Vermeer's hidden Cupid, the Prado's Dutch-Spanish show, plus Helen Cammock

The story behind the revealing of Cupid in one of Vermeer's greatest masterpieces, and Helen Cammock on her Whitechapel show and nomination for this year's Turner Prize

Share
Johannes Vermeer’s Girl Reading a Letter at an Open Window  (1657-59) with the partially revealed Cupid. And the Turner Prize-nominated Helen Cammock © Vermeer: Wolfgang Kreische. Cammock: Photo © Sebastiano Luciano

Johannes Vermeer’s Girl Reading a Letter at an Open Window (1657-59) with the partially revealed Cupid. And the Turner Prize-nominated Helen Cammock © Vermeer: Wolfgang Kreische. Cammock: Photo © Sebastiano Luciano

The Week in Art

From breaking news and insider insights to exhibitions and events around the world, the team at The Art Newspaper picks apart the art world’s big stories with the help of special guests. An award-winning podcast hosted by Ben Luke, The Week in Art is sponsored by Christie’s.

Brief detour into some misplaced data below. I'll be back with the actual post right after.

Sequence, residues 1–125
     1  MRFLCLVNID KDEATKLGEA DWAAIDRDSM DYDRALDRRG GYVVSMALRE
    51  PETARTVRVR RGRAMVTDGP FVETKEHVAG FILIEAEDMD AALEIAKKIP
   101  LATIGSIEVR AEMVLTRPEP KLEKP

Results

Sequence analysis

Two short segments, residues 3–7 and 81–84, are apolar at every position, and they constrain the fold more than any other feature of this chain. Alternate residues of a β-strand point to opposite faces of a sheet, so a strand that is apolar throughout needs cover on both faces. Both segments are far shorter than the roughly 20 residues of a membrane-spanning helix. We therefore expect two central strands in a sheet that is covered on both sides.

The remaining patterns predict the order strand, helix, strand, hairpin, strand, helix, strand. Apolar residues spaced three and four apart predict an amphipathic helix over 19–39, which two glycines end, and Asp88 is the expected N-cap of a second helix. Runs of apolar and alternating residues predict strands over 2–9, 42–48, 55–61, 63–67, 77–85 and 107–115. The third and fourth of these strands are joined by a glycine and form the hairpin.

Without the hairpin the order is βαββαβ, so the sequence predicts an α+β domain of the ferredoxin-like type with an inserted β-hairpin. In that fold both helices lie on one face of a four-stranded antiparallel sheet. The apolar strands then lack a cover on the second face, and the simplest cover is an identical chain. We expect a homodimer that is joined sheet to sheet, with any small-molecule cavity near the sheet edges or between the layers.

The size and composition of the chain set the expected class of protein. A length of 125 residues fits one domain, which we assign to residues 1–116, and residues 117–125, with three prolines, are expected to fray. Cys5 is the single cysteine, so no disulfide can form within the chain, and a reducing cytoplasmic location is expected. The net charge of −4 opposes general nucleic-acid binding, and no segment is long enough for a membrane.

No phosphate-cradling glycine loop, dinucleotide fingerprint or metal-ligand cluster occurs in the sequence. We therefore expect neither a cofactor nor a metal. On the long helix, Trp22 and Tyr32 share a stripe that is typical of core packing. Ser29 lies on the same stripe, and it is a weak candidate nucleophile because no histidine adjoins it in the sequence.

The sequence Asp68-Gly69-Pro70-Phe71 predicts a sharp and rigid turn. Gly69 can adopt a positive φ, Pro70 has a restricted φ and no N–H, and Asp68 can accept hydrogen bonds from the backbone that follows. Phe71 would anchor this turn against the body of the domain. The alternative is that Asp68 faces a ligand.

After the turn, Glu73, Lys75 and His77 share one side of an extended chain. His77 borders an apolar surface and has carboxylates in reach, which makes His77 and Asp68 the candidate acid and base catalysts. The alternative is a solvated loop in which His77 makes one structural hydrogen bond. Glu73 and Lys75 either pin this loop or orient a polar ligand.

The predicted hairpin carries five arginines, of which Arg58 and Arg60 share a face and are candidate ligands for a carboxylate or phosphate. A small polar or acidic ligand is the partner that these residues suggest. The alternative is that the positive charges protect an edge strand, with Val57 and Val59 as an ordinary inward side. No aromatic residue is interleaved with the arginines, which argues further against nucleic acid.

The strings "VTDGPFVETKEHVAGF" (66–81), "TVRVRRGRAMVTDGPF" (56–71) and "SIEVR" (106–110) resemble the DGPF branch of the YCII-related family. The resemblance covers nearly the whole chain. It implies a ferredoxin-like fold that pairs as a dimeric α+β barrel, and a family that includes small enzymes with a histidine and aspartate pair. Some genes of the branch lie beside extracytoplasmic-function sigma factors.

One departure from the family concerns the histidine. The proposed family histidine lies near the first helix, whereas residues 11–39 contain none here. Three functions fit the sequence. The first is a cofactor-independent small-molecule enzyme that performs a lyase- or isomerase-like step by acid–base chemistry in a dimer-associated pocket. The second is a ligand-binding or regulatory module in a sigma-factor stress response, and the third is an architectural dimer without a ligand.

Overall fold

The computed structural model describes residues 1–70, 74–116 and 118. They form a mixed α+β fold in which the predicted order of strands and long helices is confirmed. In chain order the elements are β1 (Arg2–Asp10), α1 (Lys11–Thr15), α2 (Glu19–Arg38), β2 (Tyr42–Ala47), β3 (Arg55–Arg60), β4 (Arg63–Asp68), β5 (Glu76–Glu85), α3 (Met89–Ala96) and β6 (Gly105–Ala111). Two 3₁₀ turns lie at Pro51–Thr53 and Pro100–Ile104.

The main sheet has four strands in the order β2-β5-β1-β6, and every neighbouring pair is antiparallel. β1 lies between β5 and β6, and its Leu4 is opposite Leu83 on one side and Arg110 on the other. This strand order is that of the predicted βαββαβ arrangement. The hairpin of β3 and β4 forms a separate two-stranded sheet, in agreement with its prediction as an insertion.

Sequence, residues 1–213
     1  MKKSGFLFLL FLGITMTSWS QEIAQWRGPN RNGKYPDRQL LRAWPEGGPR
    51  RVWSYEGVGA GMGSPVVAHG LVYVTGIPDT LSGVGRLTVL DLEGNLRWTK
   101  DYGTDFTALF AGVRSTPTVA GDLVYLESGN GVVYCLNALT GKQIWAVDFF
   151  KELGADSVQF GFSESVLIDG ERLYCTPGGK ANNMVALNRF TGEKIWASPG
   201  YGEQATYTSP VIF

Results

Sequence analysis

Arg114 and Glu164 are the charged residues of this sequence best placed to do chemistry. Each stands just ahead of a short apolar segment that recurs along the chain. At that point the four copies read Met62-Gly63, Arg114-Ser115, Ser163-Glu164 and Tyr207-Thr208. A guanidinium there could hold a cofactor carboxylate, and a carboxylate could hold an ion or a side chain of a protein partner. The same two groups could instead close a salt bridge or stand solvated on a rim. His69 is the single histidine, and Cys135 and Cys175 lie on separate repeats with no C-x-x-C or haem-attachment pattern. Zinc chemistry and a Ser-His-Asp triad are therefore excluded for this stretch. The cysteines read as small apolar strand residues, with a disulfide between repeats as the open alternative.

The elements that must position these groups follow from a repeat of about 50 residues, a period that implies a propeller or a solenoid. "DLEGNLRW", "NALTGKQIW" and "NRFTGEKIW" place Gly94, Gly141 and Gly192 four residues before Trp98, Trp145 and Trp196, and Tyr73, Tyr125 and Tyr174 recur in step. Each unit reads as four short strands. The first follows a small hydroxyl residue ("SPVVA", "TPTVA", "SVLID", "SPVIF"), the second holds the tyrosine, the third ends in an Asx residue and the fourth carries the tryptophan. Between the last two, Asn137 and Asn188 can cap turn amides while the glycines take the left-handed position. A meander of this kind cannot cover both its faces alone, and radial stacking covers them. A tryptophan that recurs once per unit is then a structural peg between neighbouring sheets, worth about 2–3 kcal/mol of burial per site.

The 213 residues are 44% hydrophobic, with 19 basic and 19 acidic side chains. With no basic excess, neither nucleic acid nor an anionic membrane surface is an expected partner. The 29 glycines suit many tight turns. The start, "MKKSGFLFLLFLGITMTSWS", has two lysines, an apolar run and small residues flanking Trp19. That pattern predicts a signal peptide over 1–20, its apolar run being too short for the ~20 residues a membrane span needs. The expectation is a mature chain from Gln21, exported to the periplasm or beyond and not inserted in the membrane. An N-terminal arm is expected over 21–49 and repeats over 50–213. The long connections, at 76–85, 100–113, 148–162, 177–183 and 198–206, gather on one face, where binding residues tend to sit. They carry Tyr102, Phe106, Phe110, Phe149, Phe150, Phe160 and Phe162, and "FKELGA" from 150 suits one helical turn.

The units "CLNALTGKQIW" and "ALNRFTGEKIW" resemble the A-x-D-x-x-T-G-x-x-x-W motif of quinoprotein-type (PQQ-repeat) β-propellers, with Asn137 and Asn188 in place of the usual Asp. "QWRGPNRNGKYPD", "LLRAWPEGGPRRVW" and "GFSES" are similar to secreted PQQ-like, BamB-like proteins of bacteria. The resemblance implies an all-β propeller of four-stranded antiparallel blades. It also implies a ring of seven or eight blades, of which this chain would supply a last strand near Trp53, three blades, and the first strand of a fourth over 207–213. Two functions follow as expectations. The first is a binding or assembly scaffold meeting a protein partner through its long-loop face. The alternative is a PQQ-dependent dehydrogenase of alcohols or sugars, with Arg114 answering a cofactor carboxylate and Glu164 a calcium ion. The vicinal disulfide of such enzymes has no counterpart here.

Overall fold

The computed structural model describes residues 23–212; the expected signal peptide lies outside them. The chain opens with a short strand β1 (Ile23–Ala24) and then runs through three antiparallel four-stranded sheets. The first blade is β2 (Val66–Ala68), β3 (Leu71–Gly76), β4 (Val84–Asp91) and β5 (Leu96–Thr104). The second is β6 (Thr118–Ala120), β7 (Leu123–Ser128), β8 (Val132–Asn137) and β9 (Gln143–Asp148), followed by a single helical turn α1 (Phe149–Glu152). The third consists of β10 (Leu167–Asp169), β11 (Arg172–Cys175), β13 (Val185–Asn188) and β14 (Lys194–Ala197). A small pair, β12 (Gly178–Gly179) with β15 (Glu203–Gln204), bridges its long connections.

We hear about how a painting of Cupid in one of Johannes Vermeer's greatest masterpieces, in Dresden, was long thought to have overpainted by the master himself, but was in fact covered by a later artist. It is now in the process of being revealed, as Vermeer intended. We also learn about the Prado's show where Vermeer appears alongside Diego Velázquez and Rembrandt, among many others. And we talk to Helen Cammock about her Whitechapel show and her nomination for this year's Turner Prize.

• The Art Newspaper Podcast is available every Friday on our website and all the usual places where you find podcasts including iTunes, Soundcloud and TuneIn. This podcast is brought to you in association with Bonhams, auctioneers since 1793.

Share

We use cookies to personalise content and ads, to provide social media features and to analyse our traffic. We also share information about your use of our site with our social media, advertising and analytics partners who may combine it with other information that you’ve provided to them or that they’ve collected from your use of their services. Read our Cookie Policy for more information.

Customise